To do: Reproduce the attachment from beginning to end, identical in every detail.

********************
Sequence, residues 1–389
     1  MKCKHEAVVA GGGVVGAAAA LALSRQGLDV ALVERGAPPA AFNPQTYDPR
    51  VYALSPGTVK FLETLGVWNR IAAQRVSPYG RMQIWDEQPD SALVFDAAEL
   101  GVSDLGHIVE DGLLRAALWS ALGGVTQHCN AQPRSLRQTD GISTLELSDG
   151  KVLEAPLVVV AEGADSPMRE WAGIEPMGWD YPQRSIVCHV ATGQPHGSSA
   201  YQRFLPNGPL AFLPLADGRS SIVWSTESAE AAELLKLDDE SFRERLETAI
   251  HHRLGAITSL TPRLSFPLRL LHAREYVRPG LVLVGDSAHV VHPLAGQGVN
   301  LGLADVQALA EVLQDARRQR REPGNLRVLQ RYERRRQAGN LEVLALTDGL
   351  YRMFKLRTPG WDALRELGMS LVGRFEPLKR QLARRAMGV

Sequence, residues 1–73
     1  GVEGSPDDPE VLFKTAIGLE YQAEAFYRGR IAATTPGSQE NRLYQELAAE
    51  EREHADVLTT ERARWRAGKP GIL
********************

Sequence, residues 1–389
     1  MKCKHEAVVA GGGVVGAAAA LALSRQGLDV ALVERGAPPA AFNPQTYDPR
    51  VYALSPGTVK FLETLGVWNR IAAQRVSPYG RMQIWDEQPD SALVFDAAEL
   101  GVSDLGHIVE DGLLRAALWS ALGGVTQHCN AQPRSLRQTD GISTLELSDG
   151  KVLEAPLVVV AEGADSPMRE WAGIEPMGWD YPQRSIVCHV ATGQPHGSSA
   201  YQRFLPNGPL AFLPLADGRS SIVWSTESAE AAELLKLDDE SFRERLETAI
   251  HHRLGAITSL TPRLSFPLRL LHAREYVRPG LVLVGDSAHV VHPLAGQGVN
   301  LGLADVQALA EVLQDARRQR REPGNLRVLQ RYERRRQAGN LEVLALTDGL
   351  YRMFKLRTPG WDALRELGMS LVGRFEPLKR QLARRAMGV

Sequence, residues 1–73
     1  GVEGSPDDPE VLFKTAIGLE YQAEAFYRGR IAATTPGSQE NRLYQELAAE
    51  EREHADVLTT ERARWRAGKP GIL